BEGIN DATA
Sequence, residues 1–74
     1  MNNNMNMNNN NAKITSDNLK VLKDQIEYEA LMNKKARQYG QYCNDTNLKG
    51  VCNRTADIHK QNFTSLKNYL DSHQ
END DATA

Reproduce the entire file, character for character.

Sequence, residues 1–74
     1  MNNNMNMNNN NAKITSDNLK VLKDQIEYEA LMNKKARQYG QYCNDTNLKG
    51  VCNRTADIHK QNFTSLKNYL DSHQ